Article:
Today is momentous when we remember this, October 1st, was the day 150 years ago when the ship Lincolnshire ship pulled away from England ready to head to Australia (although one reference suggests the departure date was September 30th – I guess it would have depended on the tides). October 1st was a Monday. A new week. A fresh start.
William Baker Tyzack, his wife Charity and four children had come on board on Saturday 29th September, and would have mingled with those saloon and cabin passengers who had sailed from Gravesend in London a week earlier on the 22 September. It seems money was tight for William, because the cost of (perhaps train) travel to Plymouth via London must have been cheaper than sailing from London.
Did William and his family step off the Lincolnshire on Sunday and take themselves to church to pray for a safe voyage? Plymouth is located within the Anglican Parish of St Andrew. If they did go to the church, located approximately 2 kms from their ship, then John Hatchard would have been the vicar. Hatchard came from a family that owned a bookselling and publishing house in London, so I can imagine his sermon could have been quite erudite. St Andrews was a church that had attracted distinguished visitors by the time our ancestors were in Plymouth. For example, Elizabethan seafarers including Drake and Hawkins, various Kings of England, and Sir Joshua Reynolds with Dr Samuel Johnson had attended services.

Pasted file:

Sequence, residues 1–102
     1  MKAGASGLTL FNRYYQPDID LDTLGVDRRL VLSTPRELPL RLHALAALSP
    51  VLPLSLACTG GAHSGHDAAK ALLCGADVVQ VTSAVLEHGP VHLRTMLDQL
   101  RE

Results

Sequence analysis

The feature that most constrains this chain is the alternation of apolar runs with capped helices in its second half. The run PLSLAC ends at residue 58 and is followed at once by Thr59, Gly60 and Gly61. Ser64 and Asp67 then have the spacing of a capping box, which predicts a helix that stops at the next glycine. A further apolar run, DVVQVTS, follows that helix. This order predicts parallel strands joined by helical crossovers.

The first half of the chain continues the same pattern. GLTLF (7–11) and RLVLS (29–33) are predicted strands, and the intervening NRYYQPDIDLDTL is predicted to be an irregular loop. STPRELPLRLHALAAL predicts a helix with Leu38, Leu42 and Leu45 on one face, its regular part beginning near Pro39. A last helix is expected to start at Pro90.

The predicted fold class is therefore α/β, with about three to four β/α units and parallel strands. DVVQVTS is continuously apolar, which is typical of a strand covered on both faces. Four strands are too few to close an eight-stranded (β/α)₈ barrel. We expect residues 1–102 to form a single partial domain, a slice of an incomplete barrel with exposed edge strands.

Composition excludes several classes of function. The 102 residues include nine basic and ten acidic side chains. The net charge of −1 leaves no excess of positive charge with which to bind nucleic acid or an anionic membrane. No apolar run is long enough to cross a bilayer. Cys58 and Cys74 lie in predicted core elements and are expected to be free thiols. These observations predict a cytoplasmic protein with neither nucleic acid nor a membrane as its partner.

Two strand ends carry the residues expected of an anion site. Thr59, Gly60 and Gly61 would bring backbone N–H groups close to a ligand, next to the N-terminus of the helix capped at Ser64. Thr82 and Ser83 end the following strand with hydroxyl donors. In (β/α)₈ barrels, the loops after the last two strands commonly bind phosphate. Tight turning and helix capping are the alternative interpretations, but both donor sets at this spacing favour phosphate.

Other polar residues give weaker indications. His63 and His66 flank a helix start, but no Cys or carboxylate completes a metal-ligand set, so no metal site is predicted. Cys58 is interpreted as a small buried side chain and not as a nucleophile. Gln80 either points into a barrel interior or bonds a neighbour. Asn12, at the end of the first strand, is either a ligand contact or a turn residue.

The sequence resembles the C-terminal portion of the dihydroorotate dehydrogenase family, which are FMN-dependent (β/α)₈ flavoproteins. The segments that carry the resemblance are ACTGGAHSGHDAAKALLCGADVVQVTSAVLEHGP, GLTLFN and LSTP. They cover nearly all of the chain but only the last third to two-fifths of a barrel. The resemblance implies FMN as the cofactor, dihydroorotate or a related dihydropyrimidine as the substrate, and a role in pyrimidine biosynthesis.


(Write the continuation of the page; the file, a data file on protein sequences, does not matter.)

On the Lincolnshire’s previous run to Australia arriving in April, well known Tasmanian identity Mr Morton Allport had gently packed salmon ova with damp English moss to help start that part of Tasmania’s fishing opportunities. I wonder whether new boxes of ova were stowed in the hold when William and his family sailed – if so, he could not have forecast the massive salmon industry that has emerged and which currently helps support Tasmania’s economy.
The journey into the unknown had begun. So they were away!
Did you know? Weighing anchor literally means raising the anchor of the vessel from the sea floor and hoisting it up to be stowed on board the vessel. At the moment when the anchor is no longer touching the sea floor, it is aweigh.